It was a comedy of errors to get to Sailor’s Thai for a late lunch. For some reason I thought it was the other way down George Street, and following the numbers I had to hike back to the Rocks (where I had just come from). Can you say goofy tourist? I might as well be wearing a fanny pack.
I’m the only one on a very long communal table at Sailor’s Thai, and I just ate a rice paper salad roll of pork and tofu.
A young family with a baby just came in, and the chefs behind the counter are very enamoured with the baby. They have taken the baby and are passing him around in the kitchen, over the counter, to each other – all the while cooing and obviously delighted by their special guest. This makes me smile. Then comes the stir fried rice noodles with peanuts, tofu and prawns, and I get both dishes tidily boxed up for later consumption in my hotel room, after dark when I lay low in the big city.
I amuse myself in the evenings in my hotel room by eating cold leftover lunches on my bed, and watching ‘Master Chef Australia’. I become thoroughly hooked on that show.
I picked a central hotel to stay in – a ’boutique’ hotel, although it is a strange cold place – reserved for celebrities and exclusive clients (and me). There’s a swipe card to get access through any doors, and a three room bathroom, and a platform bed that I smash my shin on at night every time I get up to go to the washroom/toilet. The bathtub is infinity style and spills over into the bedroom. Once I discover Surry Hills, I realize I’ve chosen the wrong location for my accommodations. I’d fit better in a real neighbourhood rather than the financial district. But that’s ok. Pre-planning does not avoid missteps.
My last day in Sydney was spent in Surry Hills, smartly termed the ‘Notting Hills’ of Australia by the Hungry Female.
At Bill’s for breakfast, I’m totally in my comfort zone. Bill’s has simple decor – wood chairs and white walls with splashes of colour. It is filled with tony-looking moms with their toddlers wearing sequined sunglasses and dudes with ties and cardigans. The flat white is good but I’m certainly no expert of the flat white, am I?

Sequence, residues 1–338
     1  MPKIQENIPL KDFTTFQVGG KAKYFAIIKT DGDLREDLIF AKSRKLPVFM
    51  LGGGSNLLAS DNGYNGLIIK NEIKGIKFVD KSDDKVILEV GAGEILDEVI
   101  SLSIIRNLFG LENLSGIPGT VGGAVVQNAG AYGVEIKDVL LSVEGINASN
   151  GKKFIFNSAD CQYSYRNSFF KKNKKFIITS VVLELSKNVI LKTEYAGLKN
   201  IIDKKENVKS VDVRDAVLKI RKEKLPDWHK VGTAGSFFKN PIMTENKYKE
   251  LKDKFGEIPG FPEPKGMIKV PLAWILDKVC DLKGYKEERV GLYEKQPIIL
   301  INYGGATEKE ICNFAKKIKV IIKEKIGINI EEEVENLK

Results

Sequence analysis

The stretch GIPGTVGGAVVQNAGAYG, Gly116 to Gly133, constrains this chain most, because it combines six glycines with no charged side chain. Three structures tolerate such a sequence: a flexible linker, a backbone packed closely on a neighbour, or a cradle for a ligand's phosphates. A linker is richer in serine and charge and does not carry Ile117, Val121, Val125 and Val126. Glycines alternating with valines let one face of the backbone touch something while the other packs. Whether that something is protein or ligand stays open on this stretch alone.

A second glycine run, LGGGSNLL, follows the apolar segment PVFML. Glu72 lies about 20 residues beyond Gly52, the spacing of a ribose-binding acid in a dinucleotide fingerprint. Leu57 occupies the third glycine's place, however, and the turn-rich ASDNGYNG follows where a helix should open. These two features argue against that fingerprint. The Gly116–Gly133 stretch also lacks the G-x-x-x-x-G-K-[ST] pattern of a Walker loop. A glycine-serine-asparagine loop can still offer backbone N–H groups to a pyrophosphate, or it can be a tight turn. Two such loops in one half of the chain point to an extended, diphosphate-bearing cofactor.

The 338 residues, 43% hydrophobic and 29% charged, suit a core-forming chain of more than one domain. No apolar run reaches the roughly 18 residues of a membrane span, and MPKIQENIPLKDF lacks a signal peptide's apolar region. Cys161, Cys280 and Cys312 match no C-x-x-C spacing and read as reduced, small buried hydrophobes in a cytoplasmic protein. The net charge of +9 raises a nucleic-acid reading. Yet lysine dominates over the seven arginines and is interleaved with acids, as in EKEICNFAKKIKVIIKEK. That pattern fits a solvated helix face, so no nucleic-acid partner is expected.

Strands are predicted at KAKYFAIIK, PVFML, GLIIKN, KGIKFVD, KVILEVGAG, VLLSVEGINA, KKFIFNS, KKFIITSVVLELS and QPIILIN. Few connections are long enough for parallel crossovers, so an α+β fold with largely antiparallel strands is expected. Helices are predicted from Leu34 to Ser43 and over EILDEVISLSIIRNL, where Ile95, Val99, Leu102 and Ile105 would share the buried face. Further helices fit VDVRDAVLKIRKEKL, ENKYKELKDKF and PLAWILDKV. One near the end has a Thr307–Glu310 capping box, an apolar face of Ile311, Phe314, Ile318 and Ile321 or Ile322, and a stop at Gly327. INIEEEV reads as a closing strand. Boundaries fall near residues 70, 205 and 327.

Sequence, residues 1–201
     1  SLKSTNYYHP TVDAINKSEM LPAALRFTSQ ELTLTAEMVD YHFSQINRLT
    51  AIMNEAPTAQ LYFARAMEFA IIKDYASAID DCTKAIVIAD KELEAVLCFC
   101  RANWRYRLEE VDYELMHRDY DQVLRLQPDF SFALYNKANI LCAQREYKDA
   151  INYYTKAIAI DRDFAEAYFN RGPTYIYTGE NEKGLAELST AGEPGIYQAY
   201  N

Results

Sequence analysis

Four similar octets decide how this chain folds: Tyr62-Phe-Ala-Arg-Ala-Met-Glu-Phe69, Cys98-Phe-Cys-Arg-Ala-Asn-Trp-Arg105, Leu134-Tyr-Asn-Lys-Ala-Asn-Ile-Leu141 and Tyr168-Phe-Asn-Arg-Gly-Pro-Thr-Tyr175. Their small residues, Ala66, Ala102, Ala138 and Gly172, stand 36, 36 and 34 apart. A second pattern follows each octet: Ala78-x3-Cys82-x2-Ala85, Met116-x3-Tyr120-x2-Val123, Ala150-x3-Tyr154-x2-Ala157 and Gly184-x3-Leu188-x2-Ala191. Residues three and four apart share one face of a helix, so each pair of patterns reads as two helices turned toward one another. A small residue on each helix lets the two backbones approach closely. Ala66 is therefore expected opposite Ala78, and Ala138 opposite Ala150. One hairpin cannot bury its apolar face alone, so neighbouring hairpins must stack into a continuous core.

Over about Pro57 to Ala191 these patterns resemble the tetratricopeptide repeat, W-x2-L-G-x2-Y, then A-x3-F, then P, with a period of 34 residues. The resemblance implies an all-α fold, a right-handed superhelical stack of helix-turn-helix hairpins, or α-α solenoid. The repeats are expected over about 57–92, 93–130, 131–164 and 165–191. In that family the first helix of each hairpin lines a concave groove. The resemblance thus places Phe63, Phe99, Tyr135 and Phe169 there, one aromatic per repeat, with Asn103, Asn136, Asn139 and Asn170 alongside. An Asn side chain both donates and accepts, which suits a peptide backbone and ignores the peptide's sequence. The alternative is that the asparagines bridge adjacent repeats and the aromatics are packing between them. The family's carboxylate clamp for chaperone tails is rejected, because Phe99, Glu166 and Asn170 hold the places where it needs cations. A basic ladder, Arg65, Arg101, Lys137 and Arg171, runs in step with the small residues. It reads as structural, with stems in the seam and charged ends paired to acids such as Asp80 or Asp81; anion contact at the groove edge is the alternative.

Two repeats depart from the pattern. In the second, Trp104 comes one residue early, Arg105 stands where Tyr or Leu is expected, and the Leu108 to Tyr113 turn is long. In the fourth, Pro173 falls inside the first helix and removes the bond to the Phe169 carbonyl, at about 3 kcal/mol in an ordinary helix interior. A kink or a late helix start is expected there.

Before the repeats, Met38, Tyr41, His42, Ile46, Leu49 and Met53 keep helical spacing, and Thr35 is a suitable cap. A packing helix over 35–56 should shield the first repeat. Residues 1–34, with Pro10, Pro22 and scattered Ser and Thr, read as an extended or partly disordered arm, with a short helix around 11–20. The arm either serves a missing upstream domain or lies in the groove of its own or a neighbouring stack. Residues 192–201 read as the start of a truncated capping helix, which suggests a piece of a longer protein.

My ricotta hotcakes are taking some time, but who cares? I have all day. A kind gentleman next to me gives me his newspaper and I amuse myself by trying to look like a local.
Ricotta pancakes with bananas and honeycomb butter arrive, and I carve and eat as much as I can. They are fluffy but filling and I make a mental note to combine honey and butter for pancakes at home. That’s a winner.
I can tell I’m on day 10 of my trip and am getting tired and homesick. My photo taking is waning considerably – I’m sorry Surry Hills. I don’t do it the justice, as it is my favourite neighbourhood in central Sydney. I thought it was Sydney’s Greenwich Village. The Book Kitchen is especially lovely, and everybody is so gosh darn nice to me. I buy a wine book and wander back downtown.
I somehow end up on Oxford Street, Sydney’s porn and tattoo central, and wind my way west to Chinatown to have ‘yum cha’, which to me means ‘dim sum’. I pick the Marigold, which is on the fifth floor of a shopping building, and huge. I am the only solo diner – I mean, who goes for dim sum by themselves? I do. I’m pleased with my haul of dumplings and buns that I can take back to my room and eat later tonight. I feel like a squirrel, hoarding all this food.
Somewhere in there, I eat a peanut butter brittle banana tart from the Opera Kitchen, have a honey amaretto cocktail at their bar, and top off my Sydney eating with tempura and sushi for lunch before I catch my plane.
My favourite thing to do in Sydney central is to take a tour of the Sydney Opera House, which I almost did not do, but thankfully booked a tour just hours before I went to the airport. This was very smart of me, and the tour was beautiful. The inside of the Opera House is so stunning that it made me weep. As the Danish architect, Jorn Utzon said – if you do something out of love, then it is art and not work. The building took 16 years to build, instead of the planned three – so rare to put such heart into something artistic in this modern age. It was finished in 1973.
And that, my friends, is my Australia adventure. In short: highly recommended, yes you can survive the flight, and I’ll be back – next time with my loved ones in tow.